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Zoomed Out? Here Are 5 Tips for How to Take a Break From Work

We’ve seen many benefits over the last year as we’ve worked from home. No commute. No wasted time from idle office chit-chat. More time with family. And more productivity. (And our pets love it.)

However, it’s not all sunshine. There are drawbacks to working remotely, such as lack of a dedicated office space and less social interaction. 

Another drawback getting much attention? Never-ending Zoom meetings. 

In this article, we’re going to explore how to take a break from work, helping you to maintain a healthy work-life balance during a time where “work” can be at your kitchen table.

Zoom Fatigue: Real or Imagined?

Let’s be fair. It’s not just Zoom. But like Kleenex became the ubiquitous name for facial tissues, Xerox became the ubiquitous name for photocopies, and Google became the ubiquitous name for internet searches, well, Zoom has become (you guessed it) the ubiquitous name for video conferencing. 

According to a recent study by Stanford University, researchers identified four consequences of video conferencing, now known as “Zoom fatigue.” The consequences include:

  1. All that close-up eye contact is fatiguing, intense, and, often, anxiety-ridden.
  2. Video conferencing reduces our ability to stand or walk around during a meeting.
  3. We have to work harder to send communication signals during video chats than in person.
  4. And, let’s face it, it’s exhausting (and sometimes nerve-wracking) to stare at ourselves close up for hours upon hours. 

All of these consequences lead to pure exhaustion, outweighing other work from home benefits. One way to counteract these adverse effects?  Be intentional about taking breaks. 

Break Tip #1: Plan Breaks Ahead of Time

When you’re creating your daily to-do list, be sure to schedule breaks. Another way of finding how to take a break from work is taking time away from your screens. This is just as crucial as your 10:00 meeting (and your 11:00, 1:00, 2:30, and 4:00 meetings). 

However, to make sure you actually take a break, set an alarm on your phone or computer. Stand up, stretch your legs, grab another cup of coffee or a bottle of water, and let your body exhale. 

Need other ideas on what to do during your breaks?  Read on.

Break Tip #2: Move Away from Screens During Your Break

An ideal break is not trading one screen for another. In other words, don’t scroll through Instagram or Facebook on your break.  Although you’re moving to different content, you’re not moving away from a computer or smartphone screen time.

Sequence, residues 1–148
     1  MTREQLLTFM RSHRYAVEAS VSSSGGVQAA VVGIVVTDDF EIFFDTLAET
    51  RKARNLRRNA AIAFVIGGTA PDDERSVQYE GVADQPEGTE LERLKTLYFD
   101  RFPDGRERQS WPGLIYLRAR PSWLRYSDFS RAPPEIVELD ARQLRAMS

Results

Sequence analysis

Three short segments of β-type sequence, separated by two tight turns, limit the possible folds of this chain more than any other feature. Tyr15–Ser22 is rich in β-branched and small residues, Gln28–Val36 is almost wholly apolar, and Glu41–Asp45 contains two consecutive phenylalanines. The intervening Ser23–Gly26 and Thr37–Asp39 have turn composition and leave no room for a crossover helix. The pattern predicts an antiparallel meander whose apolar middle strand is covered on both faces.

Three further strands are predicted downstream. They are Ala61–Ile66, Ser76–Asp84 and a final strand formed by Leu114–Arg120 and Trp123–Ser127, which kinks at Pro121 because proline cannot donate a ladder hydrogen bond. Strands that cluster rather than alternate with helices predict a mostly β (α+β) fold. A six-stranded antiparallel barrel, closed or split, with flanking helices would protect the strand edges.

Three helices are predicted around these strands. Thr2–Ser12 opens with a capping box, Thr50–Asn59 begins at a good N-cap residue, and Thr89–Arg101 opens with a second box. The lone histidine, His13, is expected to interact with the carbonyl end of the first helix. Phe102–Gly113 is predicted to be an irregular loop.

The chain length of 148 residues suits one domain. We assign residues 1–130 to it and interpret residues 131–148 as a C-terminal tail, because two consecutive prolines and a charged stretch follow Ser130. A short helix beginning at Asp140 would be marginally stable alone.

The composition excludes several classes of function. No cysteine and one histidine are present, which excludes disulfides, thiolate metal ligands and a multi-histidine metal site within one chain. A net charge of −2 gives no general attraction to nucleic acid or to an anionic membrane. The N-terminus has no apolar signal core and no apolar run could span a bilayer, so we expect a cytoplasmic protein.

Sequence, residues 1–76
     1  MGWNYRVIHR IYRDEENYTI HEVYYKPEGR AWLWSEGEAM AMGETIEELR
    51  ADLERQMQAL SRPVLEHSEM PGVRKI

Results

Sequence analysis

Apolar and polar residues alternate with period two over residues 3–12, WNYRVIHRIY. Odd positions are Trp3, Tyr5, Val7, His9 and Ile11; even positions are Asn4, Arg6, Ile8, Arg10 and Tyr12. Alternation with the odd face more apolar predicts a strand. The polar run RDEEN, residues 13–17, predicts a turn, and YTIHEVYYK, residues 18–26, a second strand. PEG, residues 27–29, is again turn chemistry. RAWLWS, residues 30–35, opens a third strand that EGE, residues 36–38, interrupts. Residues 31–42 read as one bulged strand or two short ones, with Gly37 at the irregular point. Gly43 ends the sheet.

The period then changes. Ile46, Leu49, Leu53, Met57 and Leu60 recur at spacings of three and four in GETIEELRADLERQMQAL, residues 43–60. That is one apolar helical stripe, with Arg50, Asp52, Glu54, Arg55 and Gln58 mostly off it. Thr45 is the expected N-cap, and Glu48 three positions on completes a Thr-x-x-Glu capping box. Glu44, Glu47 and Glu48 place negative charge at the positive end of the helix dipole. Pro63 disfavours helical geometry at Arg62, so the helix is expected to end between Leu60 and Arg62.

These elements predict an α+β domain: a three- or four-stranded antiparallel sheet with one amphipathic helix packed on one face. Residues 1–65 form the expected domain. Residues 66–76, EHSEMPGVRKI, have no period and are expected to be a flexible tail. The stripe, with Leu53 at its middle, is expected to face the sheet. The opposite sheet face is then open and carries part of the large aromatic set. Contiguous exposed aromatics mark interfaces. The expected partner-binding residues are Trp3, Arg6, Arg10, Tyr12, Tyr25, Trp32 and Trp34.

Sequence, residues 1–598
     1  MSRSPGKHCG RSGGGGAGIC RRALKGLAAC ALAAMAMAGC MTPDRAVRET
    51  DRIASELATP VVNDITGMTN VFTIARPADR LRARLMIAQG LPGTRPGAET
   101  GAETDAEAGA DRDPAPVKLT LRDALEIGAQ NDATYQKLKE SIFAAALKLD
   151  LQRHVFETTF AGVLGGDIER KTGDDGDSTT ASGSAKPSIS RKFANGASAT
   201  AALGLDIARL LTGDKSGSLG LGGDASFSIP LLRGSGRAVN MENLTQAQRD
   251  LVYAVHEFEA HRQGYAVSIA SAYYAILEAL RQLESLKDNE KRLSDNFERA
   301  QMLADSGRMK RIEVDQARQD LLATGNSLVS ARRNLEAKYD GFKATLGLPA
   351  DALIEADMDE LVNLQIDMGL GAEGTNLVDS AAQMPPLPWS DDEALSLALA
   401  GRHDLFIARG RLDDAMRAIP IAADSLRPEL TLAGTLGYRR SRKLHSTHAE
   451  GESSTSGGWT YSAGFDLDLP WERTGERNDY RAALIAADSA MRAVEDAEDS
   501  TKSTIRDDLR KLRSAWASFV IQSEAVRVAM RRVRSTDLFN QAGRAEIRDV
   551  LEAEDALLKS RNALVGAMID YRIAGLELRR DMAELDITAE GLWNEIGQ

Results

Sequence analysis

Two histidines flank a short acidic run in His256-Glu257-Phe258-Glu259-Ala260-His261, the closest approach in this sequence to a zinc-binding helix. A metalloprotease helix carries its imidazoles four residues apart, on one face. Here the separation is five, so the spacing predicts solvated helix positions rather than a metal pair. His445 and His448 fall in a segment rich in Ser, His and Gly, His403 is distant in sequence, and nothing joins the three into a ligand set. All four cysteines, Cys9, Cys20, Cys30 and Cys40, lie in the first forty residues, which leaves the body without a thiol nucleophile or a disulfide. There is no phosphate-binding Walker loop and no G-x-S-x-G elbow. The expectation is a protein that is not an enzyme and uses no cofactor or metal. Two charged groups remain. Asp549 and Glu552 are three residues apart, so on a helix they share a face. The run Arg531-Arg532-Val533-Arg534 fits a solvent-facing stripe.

Use your break to do something non-screen-related. Do some stretches, loosening those muscles from desk work. Need to shower and change out of pj’s?  Use a break to do that. Grab some lunch, change the laundry over, unload the dishwasher. 

Break Tip #3: Get Outside

Piggybacking on Tip #2, use your breaks to get outside. Go for a walk. Sit on your porch and drink a cup of tea or coffee. Soak up some vitamin D. 

You can also use your break to combine exercise and the outdoors. Counteract the physical wear and tear sitting takes on your body. Go for a walk. Grab a quick run. Get that blood flowing with a change of scenery and watch your creativity and productivity soar. 

Break Tip #4: Take a Break in the Morning

We’re all familiar with the 3:00 slump.  That was with us even before the pandemic reared its ugly head. But instead of grabbing your 5th cup of coffee, schedule a break in the morning. 

A study published in the Journal of Applied Psychology found that taking a break from work in the morning can prolong your productivity during the day. Waiting until 3:00 to walk away from your computer may be too late. More than likely, you’re too tired by that point and can only focus on administrative tasks. By taking a break mid-morning, you may find yourself more productive, even through that 3:00 witching hour.

Break Tip #5: Don’t Take a Break if You’re in the Flow

The flow of work refers to the “state of mind you achieve when you’re fully immersed in a task, forgetting about the outside world.” It is the utmost productivity achievement for many. When in the flow, you often feel in control and happy while enjoying increased productivity.

Since the flow of work doesn’t come every day, when it does come, don’t interrupt your flow with a break, even if it’s scheduled. Enjoy your flow. Get things done. And then take a break!

The bottom line? Any break – no matter how long – is better than no break at all. This is not about perfection. It’s about what’s best for you when you find yourself staring at your co-workers during a Zoom meeting. 

Understanding how to take a break from work is essential in today’s workday, filled with digital and video devices seemingly everywhere we look. Taking intentionally designed breaks can improve your engagement and job satisfaction. Imagine what it could do for the rest of your workforce?

Wanting to learn more about boosting your team’s workforce engagement? Contact Cangrade today.